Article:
Musician, producer and engineer Jerry Hammack delivers a intensely-researched and extensively-notated deep dive into every Beatles recording from 1961-1964. The Beatles Recording Reference Manual: Volume 1: 'My Bonnie' through 'Beatles For Sale' (1961-1964) will fill in the blanks of the most ardent fans questions of how these historic recordings came to be. We asked Jerry "Five Questions" about this incredible first of a four volume set. Here's what the author had to say.
The amount of research and information in your book is staggering. How long did this book — which only gets to 1964! — take, and when do you expect to finish the balance of their recording career? Certainly those later recordings are much more complicated.
The refinement of the research is ongoing – so far, I’m over eight years into the work. I researched their entire recording career before I began parsing the work out into the four volumes. I knew no one would want a, let’s say 2000-page book, so it made sense to deliver it in eras that related both to the work they accomplished and the stylistic period they were in. I expect to have Volume 2 available in early 2018 and the balance by the summer of 2019.
I love the quote that opens your book, from the head of Decca’s A&R department: “Not to mince words, Mr. Epstein, we don’t like your boys’ sound.” Now, I have to read this as more the cultural sound of rock’n’roll, but, as a musician, engineer and producer, how did you read that?
I read it as they just weren’t that good of a rock band! And evidenced by the Decca recordings, you might fairly conclude that. There are lots of ham-fisted guitar work and strained, overly emotional vocals to be heard. I wouldn’t have signed them from listening to that, either!
As a follow-up to that, certainly the Beatles knew what they had in their “sound” as I read it above, but how involved and knowledgeable were they in those early days about their gear, their tone, and their technique?
In all these areas, they were just learning. They were after all, just kids, don’t forget, so they had “starter” gear (guitars and amps) and not a lot else. But they knew the rock‘n’roll they loved and they also had a drive to learn and work hard. So the lessons they did learn, even from bad sessions like the Decca one – they didn’t repeat them.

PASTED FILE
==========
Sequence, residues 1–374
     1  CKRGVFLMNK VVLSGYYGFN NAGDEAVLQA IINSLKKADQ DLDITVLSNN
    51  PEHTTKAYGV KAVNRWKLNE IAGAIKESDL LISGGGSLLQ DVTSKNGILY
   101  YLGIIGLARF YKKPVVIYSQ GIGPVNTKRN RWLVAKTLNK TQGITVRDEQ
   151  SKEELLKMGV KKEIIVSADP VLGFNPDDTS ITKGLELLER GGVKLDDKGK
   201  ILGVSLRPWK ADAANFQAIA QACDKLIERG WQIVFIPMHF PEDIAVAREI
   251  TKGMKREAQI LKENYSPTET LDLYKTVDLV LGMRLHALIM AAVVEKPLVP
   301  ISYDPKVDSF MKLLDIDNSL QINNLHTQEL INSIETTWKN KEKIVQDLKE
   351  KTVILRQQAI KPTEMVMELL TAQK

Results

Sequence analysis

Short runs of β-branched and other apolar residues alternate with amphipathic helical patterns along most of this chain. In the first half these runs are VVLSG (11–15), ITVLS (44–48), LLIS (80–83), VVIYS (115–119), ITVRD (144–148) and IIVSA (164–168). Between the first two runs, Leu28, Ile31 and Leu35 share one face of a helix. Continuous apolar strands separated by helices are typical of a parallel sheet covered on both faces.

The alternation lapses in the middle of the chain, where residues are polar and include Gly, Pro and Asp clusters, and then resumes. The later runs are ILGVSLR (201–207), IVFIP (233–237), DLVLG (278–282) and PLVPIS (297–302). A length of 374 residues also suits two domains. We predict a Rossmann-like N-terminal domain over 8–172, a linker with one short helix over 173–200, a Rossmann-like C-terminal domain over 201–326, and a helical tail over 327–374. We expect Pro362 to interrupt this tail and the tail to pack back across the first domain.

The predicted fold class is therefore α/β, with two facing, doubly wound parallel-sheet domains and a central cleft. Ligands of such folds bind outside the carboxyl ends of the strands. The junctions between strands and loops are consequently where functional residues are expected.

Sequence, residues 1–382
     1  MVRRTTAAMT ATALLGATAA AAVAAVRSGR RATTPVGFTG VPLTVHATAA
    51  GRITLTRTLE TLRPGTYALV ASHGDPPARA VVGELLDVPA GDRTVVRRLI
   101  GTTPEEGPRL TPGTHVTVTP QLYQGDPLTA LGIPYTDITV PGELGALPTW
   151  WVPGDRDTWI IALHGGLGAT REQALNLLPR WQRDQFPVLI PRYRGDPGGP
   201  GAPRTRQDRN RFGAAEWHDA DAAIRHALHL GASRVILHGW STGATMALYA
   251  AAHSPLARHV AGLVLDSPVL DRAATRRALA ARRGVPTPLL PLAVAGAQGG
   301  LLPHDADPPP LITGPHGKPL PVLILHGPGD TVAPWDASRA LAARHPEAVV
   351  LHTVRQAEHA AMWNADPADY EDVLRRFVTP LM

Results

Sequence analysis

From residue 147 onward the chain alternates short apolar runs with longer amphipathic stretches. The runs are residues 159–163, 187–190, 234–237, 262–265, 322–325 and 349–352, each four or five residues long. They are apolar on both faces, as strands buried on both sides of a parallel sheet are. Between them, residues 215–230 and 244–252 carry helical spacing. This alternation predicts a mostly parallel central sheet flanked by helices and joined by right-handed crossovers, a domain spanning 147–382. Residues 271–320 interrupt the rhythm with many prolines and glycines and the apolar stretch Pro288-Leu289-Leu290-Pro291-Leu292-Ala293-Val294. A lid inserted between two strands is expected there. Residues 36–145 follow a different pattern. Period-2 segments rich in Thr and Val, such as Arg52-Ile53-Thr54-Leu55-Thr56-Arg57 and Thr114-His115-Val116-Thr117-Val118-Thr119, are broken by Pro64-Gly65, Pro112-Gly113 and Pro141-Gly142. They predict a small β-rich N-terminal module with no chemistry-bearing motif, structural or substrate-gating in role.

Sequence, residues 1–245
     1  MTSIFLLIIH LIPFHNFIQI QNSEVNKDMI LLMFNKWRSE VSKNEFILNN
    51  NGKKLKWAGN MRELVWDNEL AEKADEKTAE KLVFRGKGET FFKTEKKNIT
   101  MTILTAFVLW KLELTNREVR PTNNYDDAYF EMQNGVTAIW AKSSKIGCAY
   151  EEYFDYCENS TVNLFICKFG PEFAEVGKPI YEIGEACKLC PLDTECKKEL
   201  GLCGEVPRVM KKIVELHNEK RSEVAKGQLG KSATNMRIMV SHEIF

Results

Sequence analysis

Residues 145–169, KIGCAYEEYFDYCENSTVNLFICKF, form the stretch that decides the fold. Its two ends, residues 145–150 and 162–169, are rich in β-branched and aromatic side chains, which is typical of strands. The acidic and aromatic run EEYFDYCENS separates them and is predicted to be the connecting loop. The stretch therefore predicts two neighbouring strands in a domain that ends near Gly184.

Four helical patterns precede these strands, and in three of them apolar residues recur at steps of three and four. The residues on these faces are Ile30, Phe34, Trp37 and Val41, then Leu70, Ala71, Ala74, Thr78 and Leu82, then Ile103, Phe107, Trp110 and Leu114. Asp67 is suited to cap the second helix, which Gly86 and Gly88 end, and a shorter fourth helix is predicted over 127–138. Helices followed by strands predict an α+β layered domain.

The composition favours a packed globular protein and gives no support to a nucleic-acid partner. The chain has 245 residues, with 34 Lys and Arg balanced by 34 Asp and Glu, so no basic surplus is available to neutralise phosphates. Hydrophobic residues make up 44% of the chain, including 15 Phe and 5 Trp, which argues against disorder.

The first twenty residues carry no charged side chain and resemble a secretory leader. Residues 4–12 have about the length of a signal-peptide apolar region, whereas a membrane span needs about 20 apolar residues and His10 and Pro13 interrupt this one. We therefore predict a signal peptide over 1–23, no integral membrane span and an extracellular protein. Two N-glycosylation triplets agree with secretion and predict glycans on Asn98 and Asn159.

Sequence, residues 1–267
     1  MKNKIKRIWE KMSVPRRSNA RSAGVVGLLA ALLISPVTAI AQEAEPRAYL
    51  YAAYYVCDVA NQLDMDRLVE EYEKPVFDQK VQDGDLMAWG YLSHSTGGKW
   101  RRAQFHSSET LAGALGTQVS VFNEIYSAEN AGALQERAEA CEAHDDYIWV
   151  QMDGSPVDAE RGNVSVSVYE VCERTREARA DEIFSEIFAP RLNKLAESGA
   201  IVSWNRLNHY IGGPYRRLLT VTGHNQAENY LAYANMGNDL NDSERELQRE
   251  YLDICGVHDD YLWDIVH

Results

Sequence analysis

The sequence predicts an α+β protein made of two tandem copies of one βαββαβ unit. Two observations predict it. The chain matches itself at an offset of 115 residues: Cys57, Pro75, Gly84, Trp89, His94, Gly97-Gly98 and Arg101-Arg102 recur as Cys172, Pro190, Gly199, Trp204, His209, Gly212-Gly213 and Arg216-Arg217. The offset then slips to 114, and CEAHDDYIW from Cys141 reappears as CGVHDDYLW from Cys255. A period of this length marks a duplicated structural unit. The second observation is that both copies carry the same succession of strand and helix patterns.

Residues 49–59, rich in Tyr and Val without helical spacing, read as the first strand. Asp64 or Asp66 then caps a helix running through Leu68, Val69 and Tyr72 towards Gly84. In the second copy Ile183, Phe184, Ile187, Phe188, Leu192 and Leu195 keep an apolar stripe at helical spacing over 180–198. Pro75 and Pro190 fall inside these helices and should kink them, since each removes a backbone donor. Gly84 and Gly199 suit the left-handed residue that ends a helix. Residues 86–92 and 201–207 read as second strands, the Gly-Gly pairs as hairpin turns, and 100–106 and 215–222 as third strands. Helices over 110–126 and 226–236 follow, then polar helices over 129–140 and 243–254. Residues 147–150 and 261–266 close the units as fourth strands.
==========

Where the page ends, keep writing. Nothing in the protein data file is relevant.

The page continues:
How did you piece together the illustrative breakdowns of each song’s four track recording process?
The knowledge I gained of how they used the four-track, day-to-day work in the studio on a particular song, analysis of evidence like takes of the songs and various stereo remixes, plus my knowledge of old-school multi-track, tape-based recording allowed me to piece the breakdowns together. There is also some evidence to be gathered directly from artifacts like the EMI tape boxes where the engineers sometimes noted track contents. In those cases, there's no doubt about what's there.
Was there any worry that, in time, some, much or all of this information, in such detail, would become lost to time, and did that in any way motivate you?
You hit the nail on the head. This information had never been pulled together before or researched at all in some cases. Some of what was out there was based on speculation, myth, or biased confusion. I essentially am writing the books I wanted to buy, but couldn’t find. If I do my work well, no one will have to answer these questions again – they’ll have been put to bed. How did The Beatles record those hits? I wanted to answer those questions for fans and students and scholars. To do the best I can with that is a commitment I made almost a decade ago now.
Bonus Holiday Question:
Your book should be at the top of any Beatle fan’s holiday 2017 wish list, but what would be your favorite Beatles book — technical or otherwise — that should be next on their list?
Of current releases, I have to vote for Kenneth Womack’s Maximum Volume. The Life of Beatles Producer George Martin, The Early Years, 1926–1966. It’s an untold story of the one key figure in The Beatles story that most people don’t really know. Brilliant read! When you’re able to contribute to the scholarship around such a seemingly well-tread subject, that’s really something and exactly what Ken accomplishes with this book. You realize you didn’t really know George Martin at all.
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